"Managing Exam Anxiety," 2-3 
p.m., 2201 Shoemaker. Call 4- 
7693 for info, 

Guameri String Quartet Open 
Rehearsal, featuring violinist 
Michael Tree, cellist David Soyer. 
soprano Linda Mabbs, and pian- 

isl Robe ft McCoy. 7 p.m.. Tawes 
Recital Hall. Calf 5-5548 for info. 

Crossroads in Film, Cinema by 
and about Peoples of the African 
Diaspora, Lb Monde des Vodu. 7 
p.m.. 2203 Art'Soc. Call 5-3809 
for info. 



KB TUESDAY 

Employee Development Semi- 
nar: "Leadership and Motivation 
for Supervisors, today and to- 
morrow, 9 a.m. 4 p.m., 1105 
Adult Education Center. Call 
5-5651 (or into,* 

Microsoft Corporation "Win- 
dows Showcase," in collabora- 
tion with Computer Science Cen- 
ter, 10:30 a.m.-5 p.m.. Prince 
George's Room, Stamp Studeni 
Union. Call 654-0032 for info 

Zoology Lecture: "Relationship 
ot the Breeding System to Con- 
servation and Restoration in the 
Lakeside Daisy," Marcel la M. 
Demauro, Forest Preserve Dis- 
trict of Will County, Joliet, II., 
noon. 1208 Zoo/ Psych. Call 5-for 
into. 

Music Department Student 
Honors Recital, 12:30 p.m., 
Tawes Recital Halt. Call 5-5548 
for info. 

Writers Here and Now Reading, 
Stanley Kunilz, poet, 3:30 p.m., 
3101 McKeldin Library (Kaiherine 
Anne Porter Room), Call 5-3819 
for into. 

Physics Colloquium: "Fluctua- 
tions in Fluids far Irom Equilibri- 
um," Jan Sengers, institute for 
Physical Science and Technol- 
ogy, 4 p.m., tea reception. 3:30 
p.m„ 1410 Physics, Call 5-5980 
for info. 

Public Affairs Lecture: "Possi- 
bilities for Cooperation: The Envi- 
ronment," Peter G. Brown, Public 
Affairs, 7:30 p.m., Center tor Ad- 
vanced Research in Biotechnol- 
ogy. Shady Grove. Call 5-6342 
for info. 

Movie: Dick Tracv. Call 4-Hoff 
for into.* 

University Theatre: Agnes ot 
God, today-Dec. 8, 8pm.. mati- 
nee, Dec. 9, 2 p.m., Pugliese 
Theatre. Call 5-2201 for info. 



WEDNESDAY 



Art Center 18th Annual Holiday 
Craft Fair, featuring handmade 
jewelry, pottery, weaving, wood 
carving, clothing, stained glass. 
etc.. today-Dec. 7, 10 a.m.-5:30 
p.m., Grand Ballroom, Stamp 
Student Union. Call 4-ARTS for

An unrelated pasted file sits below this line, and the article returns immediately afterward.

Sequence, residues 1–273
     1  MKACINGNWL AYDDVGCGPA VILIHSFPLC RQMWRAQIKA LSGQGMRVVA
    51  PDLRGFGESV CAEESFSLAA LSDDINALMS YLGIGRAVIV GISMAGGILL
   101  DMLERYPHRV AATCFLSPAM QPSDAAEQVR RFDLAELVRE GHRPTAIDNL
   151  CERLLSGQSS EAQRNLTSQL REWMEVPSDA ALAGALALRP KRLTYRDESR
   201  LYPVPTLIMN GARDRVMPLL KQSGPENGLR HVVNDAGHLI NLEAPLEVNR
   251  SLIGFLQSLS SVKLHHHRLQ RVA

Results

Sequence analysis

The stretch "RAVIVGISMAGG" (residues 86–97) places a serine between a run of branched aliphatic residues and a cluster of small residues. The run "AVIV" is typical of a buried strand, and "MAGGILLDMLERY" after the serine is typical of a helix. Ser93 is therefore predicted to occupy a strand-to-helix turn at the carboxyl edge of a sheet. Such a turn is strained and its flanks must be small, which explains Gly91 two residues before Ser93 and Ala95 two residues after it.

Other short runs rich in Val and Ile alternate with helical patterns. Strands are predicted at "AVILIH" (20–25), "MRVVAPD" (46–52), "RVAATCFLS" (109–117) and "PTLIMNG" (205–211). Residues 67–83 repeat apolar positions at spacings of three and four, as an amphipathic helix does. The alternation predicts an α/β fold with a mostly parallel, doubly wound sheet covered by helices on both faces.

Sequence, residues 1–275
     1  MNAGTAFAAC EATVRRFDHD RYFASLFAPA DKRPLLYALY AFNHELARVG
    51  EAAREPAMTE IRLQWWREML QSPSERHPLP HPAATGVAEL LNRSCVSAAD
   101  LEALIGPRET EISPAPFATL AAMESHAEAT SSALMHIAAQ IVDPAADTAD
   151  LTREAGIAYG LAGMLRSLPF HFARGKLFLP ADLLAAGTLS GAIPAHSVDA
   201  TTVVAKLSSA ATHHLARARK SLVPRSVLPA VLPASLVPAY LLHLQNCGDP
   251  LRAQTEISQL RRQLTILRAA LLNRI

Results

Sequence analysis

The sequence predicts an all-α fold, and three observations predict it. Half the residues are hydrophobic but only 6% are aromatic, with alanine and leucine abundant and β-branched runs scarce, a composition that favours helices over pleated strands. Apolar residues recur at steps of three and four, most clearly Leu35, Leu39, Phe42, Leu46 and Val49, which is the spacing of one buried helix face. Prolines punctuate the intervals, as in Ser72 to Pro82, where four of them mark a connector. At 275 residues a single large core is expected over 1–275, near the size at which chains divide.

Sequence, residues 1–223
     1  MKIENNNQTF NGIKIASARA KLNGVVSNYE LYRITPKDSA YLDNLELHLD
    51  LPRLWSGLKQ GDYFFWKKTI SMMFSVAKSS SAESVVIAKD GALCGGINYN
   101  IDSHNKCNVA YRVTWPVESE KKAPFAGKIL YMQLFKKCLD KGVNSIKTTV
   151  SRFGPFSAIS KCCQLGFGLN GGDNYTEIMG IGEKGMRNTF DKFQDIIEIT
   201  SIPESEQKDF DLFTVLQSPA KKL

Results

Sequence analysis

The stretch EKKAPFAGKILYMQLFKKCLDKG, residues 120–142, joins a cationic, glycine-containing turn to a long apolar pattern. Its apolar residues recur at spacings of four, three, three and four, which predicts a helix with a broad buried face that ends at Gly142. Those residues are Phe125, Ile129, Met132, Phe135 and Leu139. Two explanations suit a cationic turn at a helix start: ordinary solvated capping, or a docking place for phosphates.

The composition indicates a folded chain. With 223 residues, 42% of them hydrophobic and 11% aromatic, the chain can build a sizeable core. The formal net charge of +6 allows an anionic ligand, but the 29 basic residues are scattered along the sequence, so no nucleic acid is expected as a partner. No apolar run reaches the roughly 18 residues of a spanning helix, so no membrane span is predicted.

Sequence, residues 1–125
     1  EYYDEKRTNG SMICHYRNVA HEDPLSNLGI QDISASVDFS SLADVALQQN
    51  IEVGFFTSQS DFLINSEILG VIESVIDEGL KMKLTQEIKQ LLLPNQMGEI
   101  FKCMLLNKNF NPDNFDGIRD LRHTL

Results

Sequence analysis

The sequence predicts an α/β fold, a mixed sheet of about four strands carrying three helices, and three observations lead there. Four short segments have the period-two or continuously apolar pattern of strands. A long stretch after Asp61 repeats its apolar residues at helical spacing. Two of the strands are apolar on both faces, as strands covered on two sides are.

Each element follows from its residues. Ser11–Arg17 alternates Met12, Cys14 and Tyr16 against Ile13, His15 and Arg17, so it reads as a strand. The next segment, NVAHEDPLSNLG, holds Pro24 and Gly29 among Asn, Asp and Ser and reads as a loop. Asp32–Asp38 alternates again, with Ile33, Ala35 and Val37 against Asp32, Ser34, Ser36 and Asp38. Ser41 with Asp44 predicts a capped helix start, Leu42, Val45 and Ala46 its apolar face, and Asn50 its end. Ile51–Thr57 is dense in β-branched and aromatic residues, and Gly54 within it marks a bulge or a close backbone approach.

info. 



Instructional Television System 
Symposium: "User Interface 
Strategies '91 ," a live, interactive 
satellite broadcast. 11 a.m. -5 
p.m. Call 5-4905 tor into.* 

Counseling Center Research 
and Development Meeting: 
"The Future of Residence Halls 
in [he 1990s." Patricia Mielke," 
Resident Life, noon-1 p.m., 0106- 
0114 Shoemaker. Call 4-7691 tor 
into. 

History Department "Lunch 
Bag Talk": "Space and Time in 
the Eighteenth -Century French 
Provincial Press," J.R. Censer, 
George Mason U., noon, 2119 
Francis Scott Key. Call 5-4265 
for into. 

Faculty Seminar: "Violence Pre- 
vention: Interrupted Time Series 
Experiments on Gun Control." 
Colin Lottin and David McDowall, 
Institute of Criminology and Crim- 
inal Science, noon-1 i30 p.m. 
(bring lunch), 2141 Tydings hall. 
Call 5-1680 for into. 

Campus Club Holiday Lunch- 
eon, honoring Mrs. Patricia 
Kirwan, music by U. of Maryland 
Gospel Choir, noon. Colony Ball- 
room, Stamp Student Union Call 
277-0288 tor reservations," 

Poetry Reading, featuring work 
by MFA in creative writing stu- 
dents. 5 p.m., Katherine Anne 
Porter Room, McKeldin Library 
Call 5-3842 for info. 

Women's Basketball vs. 
Temple, 7:30 p.m.. Cole Field 
House. Call 4-7064 for info." 

United Campus Ministry Inter- 
denominational Advent Service, 
liturgical dance and instrumental- 
ists, 7:30 p.m.. Memorial Chapel. 
Call 5-8450 tor into. 

Movie: Dick Tracy Call 4-Hoff 
for info," 

University Theatre: Agnes of 
God, 8 p.m.. Pugliese Theatre. 
See December 4 for details." 



THURSDAY 



Center for Quality and Produc- 
tivity Fifth Annual Conference: 
"Total Quality: Moving Beyond 
Awareness," 9 a.m. -<f 30 p.m.. 
Maritime Institute, Urilhicum 
Heights. Call 80-4535 for into." 

Employee Development Semi- 
nar: "Understanding FAS," 9 
a.m. -noon, Maryland Room. 
Marie Mount. Call 5-5651 tor 
into. 

Computer Science Center Lec- 
ture: "The Changing Players in 
Campus Computing." Brian L. 
Hawkins. Brown U, 1:30-3 p.m., 
2205 LeFrak. Call 5-2950 for in- 
fo. 

Meteorology Seminar: "The 
Simulation of Inter -Annual Vari- 
ability." David Straus. Meteorol- 
ogy. 3:30 p.m., refreshments, 3 
p.m.. 2114 Computer and Space 
Sciences. Call 5-5392 for info. 

Campus Senate Meeting, 3:30- 
6:30 p.m., 1026 Reckord Armory. 
Call 5-5805 for info. 

Committee on the History and 
Philosophy of Science Lecture: 

"Positive Causal Impact in Prob- 
abilistic Causation," Igal Kvart, 
Hebrew U., Jerusalem, 4 p.m. 
2324 Computer and Space Sci- 
ences. Call 5-5691 tor into. 

Movie: Dick Tracy, Call 4-Hoff 
for info." 



Greater Washington Solid State 
Physics Colloquium: "Structural 
Phase Transformations and Su- 
perconductivity in Doped 
La,CuQ " J.D. Axe, Brookhaven 
National Lab., 8 p.m., 1410 
Physics. Call 5-61 42 for into. 

Maryland Opera Studio Perfor- 
mance: Comedy on the Bridge. 
by Bohuslav Martinu and Maria 
Elena, by Thomas Pasatieri, 
Rhoda Levine, director: William 
Hudson, conductor, 8 p.m., 
Tawes Recital Hall Call 5-5548 
for info." 

University Theatre: Agnes of 
God. 8 p.m.. Pugliese Theatre. 
See December 4 tor details,* 



MM FRIDAY 

Speech Communication Collo- 
quium: "Personal Involvement, 
Persuasion, and Environmental 
Risk," Sharon Hammond, Speech 
Communication, noon, 0138 
Tawes Call 5-6524 for info. 



M&** 




Maryland Gospel Choir Winter